In college, we found a church we loved. It wasn't perfect, and we didn't agree with everything they said or did, but it was a place where we were loved and supported - again, what I'd been seeking all along.

Since then, we've been hoping to find another faith community like the one we had in Manhattan. So far, we've struggled. 

We've really wrestled with the fact that we haven't been able to find a new church home. Are we terrible Christians? Are we doing something wrong? Are our standards too high? These questions plague our hearts every day.

My faith has emerged from ignorance, beginning in a small Baptist church, suffering through depression, into an Assembly of God congregation and a Southern Baptist youth group, through a couple of Christian Churches, and into our current state of church homelessness.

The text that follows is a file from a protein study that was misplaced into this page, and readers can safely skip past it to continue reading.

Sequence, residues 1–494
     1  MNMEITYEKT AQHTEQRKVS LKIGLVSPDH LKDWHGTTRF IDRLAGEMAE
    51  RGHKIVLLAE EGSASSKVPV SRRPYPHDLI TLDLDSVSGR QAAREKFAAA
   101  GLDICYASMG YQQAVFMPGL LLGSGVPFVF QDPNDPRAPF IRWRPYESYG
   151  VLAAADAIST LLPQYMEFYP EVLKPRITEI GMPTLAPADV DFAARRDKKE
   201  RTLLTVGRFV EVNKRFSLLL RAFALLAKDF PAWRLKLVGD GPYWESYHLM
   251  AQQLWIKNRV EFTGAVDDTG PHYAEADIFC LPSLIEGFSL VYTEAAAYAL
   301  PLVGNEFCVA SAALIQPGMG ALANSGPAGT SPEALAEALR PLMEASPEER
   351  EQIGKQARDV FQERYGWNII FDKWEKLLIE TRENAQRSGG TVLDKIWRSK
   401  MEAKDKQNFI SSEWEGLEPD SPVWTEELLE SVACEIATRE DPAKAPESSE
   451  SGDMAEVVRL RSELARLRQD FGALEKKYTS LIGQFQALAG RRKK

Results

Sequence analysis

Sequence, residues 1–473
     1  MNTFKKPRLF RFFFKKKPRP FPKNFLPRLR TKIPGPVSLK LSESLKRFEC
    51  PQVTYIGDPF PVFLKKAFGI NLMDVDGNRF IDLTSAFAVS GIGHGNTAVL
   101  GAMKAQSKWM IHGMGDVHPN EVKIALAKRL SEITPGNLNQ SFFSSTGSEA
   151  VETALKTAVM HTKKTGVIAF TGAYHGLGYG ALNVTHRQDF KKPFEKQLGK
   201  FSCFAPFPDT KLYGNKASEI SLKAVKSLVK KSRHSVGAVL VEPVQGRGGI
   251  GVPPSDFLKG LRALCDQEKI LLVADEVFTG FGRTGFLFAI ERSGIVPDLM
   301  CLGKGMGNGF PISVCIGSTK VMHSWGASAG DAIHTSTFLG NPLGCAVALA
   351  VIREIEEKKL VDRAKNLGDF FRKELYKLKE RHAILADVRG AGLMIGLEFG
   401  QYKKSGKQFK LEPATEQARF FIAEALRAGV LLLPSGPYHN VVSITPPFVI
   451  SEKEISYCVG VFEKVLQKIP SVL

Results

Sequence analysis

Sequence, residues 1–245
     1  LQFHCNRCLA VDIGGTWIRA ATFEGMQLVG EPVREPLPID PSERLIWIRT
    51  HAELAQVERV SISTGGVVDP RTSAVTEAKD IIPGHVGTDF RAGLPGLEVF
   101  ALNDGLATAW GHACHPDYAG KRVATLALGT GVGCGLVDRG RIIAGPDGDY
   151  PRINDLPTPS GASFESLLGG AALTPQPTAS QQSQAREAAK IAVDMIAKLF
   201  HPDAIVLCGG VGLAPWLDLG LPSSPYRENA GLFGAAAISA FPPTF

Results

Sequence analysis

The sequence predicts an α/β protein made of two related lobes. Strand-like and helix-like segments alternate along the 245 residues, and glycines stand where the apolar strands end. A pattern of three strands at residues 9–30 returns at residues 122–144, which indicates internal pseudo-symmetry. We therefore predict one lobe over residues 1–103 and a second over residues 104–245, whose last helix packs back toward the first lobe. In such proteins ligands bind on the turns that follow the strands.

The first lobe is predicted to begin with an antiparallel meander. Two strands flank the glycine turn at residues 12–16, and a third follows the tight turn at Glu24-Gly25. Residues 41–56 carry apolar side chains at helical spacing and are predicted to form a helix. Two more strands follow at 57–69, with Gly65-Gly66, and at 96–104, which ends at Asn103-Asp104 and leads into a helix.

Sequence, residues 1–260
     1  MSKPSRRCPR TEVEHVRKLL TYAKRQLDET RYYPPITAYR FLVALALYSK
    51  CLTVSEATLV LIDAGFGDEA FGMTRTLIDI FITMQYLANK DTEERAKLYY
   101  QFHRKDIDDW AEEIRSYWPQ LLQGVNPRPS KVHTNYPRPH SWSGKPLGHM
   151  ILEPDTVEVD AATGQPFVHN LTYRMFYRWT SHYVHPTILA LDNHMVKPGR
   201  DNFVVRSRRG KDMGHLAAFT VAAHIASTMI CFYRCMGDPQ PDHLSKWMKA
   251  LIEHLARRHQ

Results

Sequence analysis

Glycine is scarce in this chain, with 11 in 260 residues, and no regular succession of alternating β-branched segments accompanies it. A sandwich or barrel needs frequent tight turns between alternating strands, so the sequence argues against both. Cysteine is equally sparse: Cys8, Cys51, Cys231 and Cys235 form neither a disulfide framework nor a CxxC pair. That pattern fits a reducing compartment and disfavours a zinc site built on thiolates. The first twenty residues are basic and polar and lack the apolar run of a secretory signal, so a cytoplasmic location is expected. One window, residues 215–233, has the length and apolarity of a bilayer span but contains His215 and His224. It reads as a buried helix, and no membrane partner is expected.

It's been a hazardous ride to today, but the journey has been worthwhile. Every piece has been significant. And I believe even this piece, one of wandering and church homelessness, is integral to our future. 

So we keep searching, keep hoping, keep praying, and keep waiting. Because faith is worth it. Because love is worth it. Because Jesus, regardless of the hazards he takes us through, is worth it.

... ... ...

I’m sharing My Hazardous Faith Story as part of a synchroblog connected with the release of Ed Cyzewski and Derek Cooper’s new book, Hazardous: Committing to the Cost of Following Jesus.

Feel free to join in with your own hazardous faith story!

... ... ...